For our team, while living a dream may have its hardships, the rewards are far greater. We are ready to take our mission to the next step, but first more about us….
Up Next: An Introduction of Gilberto Hernandez
Wednesday, February 9, 2011
Monday, February 7, 2011
I will be the first to admit that in today’s coffee world, where you can find anything from Organic to Fair Trade to Bird Friendly-certified coffee, the last thing most people want to worry about is another coffee certification. But before you give up on this blog, what do you really know about the Fair Trade, Rainforest Alliance, or Bird Friendly Certified coffee that you bought this morning? The whole point of certifying a coffee is that the end consumer knows that certain standards have been met, but these standards are often so complex that it would take a college course to understand them all. There is a certification just starting to grow in the coffee world that is refreshingly simple and, in my opinion, much more beneficial to farmers: Direct Trade Coffee.
There are three simple guiding principles behind Direct Trade Coffee:
(1) High wages.
(2) High quality.
(3) Direct purchasing through a relationship between farmer and buyer.
Since Direct Trade is a new idea, these ideals manifest themselves in different ways. Industry leaders like Counter Culture Coffee, Intelligentsia, and Stump Town Coffee Roasters each have their own standards for what these principles mean, but these standards all include a minimum purchase price, minimum cup quality, and minimum amount of contact between farmer and the company. Although Counter Culture may set quality standards based upon their proprietary tasting system, while Intelligentsia bases it on their own system, these companies are establishing their own set of guidelines they think best fulfill the three guiding principles.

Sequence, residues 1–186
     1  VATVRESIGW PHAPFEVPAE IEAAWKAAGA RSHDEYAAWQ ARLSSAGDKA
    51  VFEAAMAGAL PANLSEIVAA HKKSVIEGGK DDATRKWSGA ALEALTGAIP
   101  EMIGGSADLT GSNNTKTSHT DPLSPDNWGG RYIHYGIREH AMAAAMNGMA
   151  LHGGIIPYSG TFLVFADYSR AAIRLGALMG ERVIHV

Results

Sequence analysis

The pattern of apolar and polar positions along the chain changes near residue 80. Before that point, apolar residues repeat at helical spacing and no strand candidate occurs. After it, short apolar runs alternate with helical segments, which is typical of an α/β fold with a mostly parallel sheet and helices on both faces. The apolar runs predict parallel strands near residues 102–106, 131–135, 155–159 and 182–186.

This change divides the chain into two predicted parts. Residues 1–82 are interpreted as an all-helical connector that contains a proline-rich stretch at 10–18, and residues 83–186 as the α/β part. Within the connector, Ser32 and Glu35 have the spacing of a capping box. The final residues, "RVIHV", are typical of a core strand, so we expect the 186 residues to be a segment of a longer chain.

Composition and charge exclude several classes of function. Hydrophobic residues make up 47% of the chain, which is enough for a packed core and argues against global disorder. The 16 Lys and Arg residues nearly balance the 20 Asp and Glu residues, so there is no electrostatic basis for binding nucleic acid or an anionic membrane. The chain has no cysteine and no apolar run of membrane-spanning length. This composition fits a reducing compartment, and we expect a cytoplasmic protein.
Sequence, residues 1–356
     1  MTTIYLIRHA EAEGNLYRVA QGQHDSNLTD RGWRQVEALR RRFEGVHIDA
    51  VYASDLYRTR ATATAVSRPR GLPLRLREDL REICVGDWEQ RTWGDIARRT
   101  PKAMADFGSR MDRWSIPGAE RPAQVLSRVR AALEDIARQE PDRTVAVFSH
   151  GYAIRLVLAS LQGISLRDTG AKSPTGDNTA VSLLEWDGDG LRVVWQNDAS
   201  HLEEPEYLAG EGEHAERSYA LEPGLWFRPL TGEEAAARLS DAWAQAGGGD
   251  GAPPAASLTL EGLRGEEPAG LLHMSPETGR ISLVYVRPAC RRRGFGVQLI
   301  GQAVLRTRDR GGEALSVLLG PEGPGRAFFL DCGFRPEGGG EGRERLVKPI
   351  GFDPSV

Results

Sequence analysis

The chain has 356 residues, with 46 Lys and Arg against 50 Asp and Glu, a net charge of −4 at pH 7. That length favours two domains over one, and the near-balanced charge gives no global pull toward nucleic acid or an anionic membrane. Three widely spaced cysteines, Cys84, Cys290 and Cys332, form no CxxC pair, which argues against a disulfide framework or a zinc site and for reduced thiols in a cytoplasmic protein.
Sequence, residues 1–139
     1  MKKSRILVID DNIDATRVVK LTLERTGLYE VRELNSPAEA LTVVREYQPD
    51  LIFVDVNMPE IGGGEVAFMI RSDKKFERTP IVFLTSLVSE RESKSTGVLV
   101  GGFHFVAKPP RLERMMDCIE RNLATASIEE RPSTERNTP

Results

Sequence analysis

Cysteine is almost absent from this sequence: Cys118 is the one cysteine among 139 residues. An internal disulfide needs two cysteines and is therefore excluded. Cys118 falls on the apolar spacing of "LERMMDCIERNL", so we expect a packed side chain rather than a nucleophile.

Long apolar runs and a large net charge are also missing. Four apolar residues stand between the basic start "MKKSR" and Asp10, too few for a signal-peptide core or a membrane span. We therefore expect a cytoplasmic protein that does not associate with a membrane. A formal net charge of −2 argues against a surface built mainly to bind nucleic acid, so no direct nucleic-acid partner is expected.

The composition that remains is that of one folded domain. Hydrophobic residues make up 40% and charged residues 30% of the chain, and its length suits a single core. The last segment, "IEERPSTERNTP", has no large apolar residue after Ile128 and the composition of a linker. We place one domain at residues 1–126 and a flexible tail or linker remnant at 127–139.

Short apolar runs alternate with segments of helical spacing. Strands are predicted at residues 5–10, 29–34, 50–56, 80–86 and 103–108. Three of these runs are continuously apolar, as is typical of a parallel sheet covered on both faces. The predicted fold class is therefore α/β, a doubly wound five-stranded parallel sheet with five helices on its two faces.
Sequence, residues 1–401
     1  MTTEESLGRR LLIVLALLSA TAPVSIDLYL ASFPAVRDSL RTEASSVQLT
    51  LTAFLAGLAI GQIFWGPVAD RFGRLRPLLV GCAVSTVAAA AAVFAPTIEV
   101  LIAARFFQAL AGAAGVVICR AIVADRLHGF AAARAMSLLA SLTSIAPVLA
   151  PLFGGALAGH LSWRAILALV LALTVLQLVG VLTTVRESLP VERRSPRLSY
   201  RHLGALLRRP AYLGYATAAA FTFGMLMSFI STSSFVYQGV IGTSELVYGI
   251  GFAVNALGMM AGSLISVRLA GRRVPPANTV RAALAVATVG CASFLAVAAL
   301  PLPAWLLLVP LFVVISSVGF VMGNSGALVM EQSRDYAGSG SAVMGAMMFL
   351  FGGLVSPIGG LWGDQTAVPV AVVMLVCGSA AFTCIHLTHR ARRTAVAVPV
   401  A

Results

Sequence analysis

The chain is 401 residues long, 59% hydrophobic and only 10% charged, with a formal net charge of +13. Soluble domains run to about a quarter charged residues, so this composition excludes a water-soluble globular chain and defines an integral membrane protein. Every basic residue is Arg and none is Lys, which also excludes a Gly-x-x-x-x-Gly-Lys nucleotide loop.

In my mind, Direct Trade is the logical step forward from the current obsession with Fair Trade. First, Direct Trade is set up so that buyers, not farmers, pay fees. Fair Trade, on the other hand, requires large up-front costs from the farmers themselves. This policy actually excludes the small-scale, independent farmers that consumers often associate with the Fair Trade logo!
Second, Direct Trade is more sustainable. Since Direct Trade is as focused on quality as it is on price, it gives farmers a reason to continually improve their coffee growing and harvesting techniques. Fair Trade certification says nothing about the quality of the coffee. As such, people often end up paying a premium for inferior coffee grown by a large coffee plantation that can cover Fair Trade Certification costs. At least it has a Fair Trade Certified sticker on the bag, I guess.
Finally, even though we may just be “average coffee drinkers,” we should still have the opportunity to learn how our morning coffee got to where it is today. When buying a Direct Trade coffee, coffee shops will know if it came from a small-scale, independent farmer or a large-scale plantation, how much was paid for the coffee, and probably more than we would ever actually care to find out. With this knowledge, it is no longer coffee intermediaries, exporters or importers, or even local coffee shops that determine who we buy our coffee from and how much we pay them. It is us, the coffee drinkers of the world, that get to make this important choice.
For more information check out these websites: